6 blended teaching tips learned the hard way

Teachers around the world are grappling with blended learning - here one shares the benefit of his experience

David Keating

Coronavirus and schools: How teachers can make blended learning work

“Any questions?” 

I scan the room of masked faces and socially distanced individual desks. Then my eyes go next to my monitor where I see a hand emoji from a student in China.

She is attending the lesson online. As are around 25 per cent of our students since our reopening this September.  Some online students are based internationally, but most are attending from their homes in-country.

Most international private schools in Dubai are offering blended learning for students or parents who have concerns about returning to the classroom, or who are stranded in their home countries because of travel restrictions.

Coronavirus: How schools can deliver blended learning

Given the unpredictability of the pandemic, here are six tips for teachers who may be in a similar situation soon.

1. Connect your students

While it is easy to engage with students in class, connecting with your online students can be a challenge.

Studies have shown that online students can feel like they are a burden to teachers, so ensure this isn’t the case by staying aware of their presence and responding to them with the same urgency.

I like to swap between an online student and an in-class student when questioning or taking responses. When using Microsoft Teams, I open all lesson content through the app so that online participants remain visible to the right of my screen.

If this isn’t possible, and for some reason I’m averted from my screen, I give online students permission to interrupt me if they are left waiting.

Their interpretation of a reasonable amount of time for this can vary.

2. Establish blended class routines

Just as you would outline your expectations for behaviour and interaction in your physical classroom, you must also establish such routines for your blended classroom.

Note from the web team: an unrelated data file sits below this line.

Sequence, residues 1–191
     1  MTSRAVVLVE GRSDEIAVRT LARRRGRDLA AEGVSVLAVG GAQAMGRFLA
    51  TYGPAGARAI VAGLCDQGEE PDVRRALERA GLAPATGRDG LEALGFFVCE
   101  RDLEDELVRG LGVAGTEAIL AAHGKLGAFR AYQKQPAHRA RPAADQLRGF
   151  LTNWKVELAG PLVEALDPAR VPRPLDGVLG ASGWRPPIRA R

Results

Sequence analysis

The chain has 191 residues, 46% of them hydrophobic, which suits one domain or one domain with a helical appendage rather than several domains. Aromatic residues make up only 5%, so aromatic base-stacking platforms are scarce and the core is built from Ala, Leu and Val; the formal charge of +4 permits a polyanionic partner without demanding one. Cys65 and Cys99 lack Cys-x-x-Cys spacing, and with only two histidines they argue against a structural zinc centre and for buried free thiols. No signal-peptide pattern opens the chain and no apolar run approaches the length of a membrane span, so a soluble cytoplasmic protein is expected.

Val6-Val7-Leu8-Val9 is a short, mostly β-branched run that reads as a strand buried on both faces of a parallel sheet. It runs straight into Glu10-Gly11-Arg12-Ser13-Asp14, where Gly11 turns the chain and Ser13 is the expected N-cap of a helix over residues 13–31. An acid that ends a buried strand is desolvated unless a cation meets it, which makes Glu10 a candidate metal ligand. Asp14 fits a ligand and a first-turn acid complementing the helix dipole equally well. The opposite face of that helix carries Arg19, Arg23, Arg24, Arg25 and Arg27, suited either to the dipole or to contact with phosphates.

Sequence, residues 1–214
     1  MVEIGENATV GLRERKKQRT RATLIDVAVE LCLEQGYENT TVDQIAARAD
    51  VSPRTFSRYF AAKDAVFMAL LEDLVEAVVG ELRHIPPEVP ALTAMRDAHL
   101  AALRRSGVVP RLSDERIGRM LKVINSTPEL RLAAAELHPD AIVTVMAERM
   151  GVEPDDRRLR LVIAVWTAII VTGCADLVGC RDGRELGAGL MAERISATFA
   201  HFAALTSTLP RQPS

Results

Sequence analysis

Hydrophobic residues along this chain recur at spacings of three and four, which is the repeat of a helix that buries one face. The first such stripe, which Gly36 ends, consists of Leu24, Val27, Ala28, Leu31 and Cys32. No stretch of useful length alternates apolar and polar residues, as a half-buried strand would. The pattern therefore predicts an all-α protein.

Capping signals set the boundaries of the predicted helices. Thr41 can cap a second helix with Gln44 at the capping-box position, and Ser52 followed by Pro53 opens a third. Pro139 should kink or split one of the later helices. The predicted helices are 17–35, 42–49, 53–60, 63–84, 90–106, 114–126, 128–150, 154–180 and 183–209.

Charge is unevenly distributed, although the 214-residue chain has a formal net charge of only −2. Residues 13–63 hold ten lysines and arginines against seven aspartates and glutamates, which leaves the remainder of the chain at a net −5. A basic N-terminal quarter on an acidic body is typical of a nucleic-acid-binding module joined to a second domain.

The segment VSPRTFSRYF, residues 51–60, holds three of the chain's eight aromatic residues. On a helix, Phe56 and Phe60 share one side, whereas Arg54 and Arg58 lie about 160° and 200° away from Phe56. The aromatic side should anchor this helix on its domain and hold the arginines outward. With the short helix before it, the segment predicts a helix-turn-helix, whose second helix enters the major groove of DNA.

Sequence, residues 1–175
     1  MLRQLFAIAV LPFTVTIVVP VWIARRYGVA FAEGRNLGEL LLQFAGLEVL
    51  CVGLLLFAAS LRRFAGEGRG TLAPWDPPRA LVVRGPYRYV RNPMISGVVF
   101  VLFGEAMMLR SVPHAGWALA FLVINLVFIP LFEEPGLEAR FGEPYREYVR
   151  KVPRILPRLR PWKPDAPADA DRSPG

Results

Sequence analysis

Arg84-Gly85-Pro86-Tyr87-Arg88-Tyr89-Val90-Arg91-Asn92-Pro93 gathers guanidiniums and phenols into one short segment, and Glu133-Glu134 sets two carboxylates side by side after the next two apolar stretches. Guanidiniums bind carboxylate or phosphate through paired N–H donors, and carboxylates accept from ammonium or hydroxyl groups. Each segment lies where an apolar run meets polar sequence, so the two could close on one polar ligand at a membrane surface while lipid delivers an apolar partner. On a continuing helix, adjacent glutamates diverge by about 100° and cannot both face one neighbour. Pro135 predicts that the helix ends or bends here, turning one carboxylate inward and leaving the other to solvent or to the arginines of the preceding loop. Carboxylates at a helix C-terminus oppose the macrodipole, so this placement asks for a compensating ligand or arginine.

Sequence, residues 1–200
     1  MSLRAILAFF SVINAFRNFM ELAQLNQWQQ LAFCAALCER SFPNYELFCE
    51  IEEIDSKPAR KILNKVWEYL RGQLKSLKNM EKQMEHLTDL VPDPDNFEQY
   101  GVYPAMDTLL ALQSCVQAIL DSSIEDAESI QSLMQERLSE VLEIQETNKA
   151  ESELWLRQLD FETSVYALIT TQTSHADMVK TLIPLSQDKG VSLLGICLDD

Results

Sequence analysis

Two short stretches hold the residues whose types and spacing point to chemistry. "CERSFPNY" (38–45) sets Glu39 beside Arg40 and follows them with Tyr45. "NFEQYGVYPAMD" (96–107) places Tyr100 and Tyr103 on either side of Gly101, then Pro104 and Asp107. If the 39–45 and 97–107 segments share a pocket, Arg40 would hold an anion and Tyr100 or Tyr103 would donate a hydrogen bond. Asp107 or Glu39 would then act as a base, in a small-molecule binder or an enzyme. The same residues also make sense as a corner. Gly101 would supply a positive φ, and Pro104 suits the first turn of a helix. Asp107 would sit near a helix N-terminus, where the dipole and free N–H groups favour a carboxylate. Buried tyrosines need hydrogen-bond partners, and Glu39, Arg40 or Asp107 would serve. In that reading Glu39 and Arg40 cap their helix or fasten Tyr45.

In order to avoid creating a divide between in-class and online students, these routines should be consistent for both where possible.

Ensure that online students are present before you greet your class and ask how their weekend was. If you use a "hands-up" policy for contributing to discussion, encourage your online students to do so digitally.

Online platforms such as Zoom and Microsoft Teams allow for this and, when projected on to the screen, allow students present and online to navigate a discussion smoothly.

3. Continue to collaborate

Physical distance does not have to be a barrier to collaboration or peer feedback in your blended class.

Websites like Padlet.com allow for students to simultaneously add comments, images, drawings or links to a shared digital space.

Microsoft Class OneNote also includes a "collaboration space" within which students can share and edit work in real time.

If you are feeling especially confident in your skills as a conductor, you can orchestrate a class discussion on your video-calling application of choice.

However, this will require clear instruction of who can speak and whose microphone or speakers are muted. Get this wrong and your symphony could become a soprano.

4. Check the tech

Your choice of technology may be dictated by the system your school uses, such as Microsoft Office 365 in my case.

This means that our emails, cloud storage and video calls are all centralised and students have access via their school email accounts.

However, before utilising other technology, websites or applications in your lessons, check data and privacy policies.

There are a lot of commercial tech companies offering "free" digital resources to teachers in need. Before signing your students up to any of these, ensure you are clear on what information will be provided and how it will be used.

Also make sure that free sign-ups remain free and that previously stored work does not become unavailable following the initial trial.

5. Prepare Plan B

With more technology required, there is more room for something (or many things) to go wrong.

I have already lost one or two lessons to a stubborn computer. You can prepare for such obstacles by uploading your lesson content in advance.

Instruct students to begin working on the tasks if you do not join the call after 10 minutes. This will allow you time to work on fixing the issue.

Also carrying a device or smartphone with the apps installed will allow you to communicate with your online students during these periods of blended crisis.

6. Reduce screen time

In a school day conducted entirely online, it is vital to encourage your students to take breaks from the screen.

These can be subject-related if you like. I ask my students to bring a book to read for the first five to 10 minutes of each lesson.

This gives their eyes a welcome rest but also allows me time to set up the video call. Other options that don’t break social distancing guidance include armchair exercises, stretching or short meditation sessions.

Tutorials on how to conduct these sessions are easily accessible on YouTube.

 

Overall, blended learning comes with new challenges for teachers, but, with flexibility and adaptability, you can navigate the complications of a blended classroom. If all else fails, you can always try turning it off and on again.

David Keating is an English teacher at Raffles World Academy in Dubai. He has taught internationally for seven years

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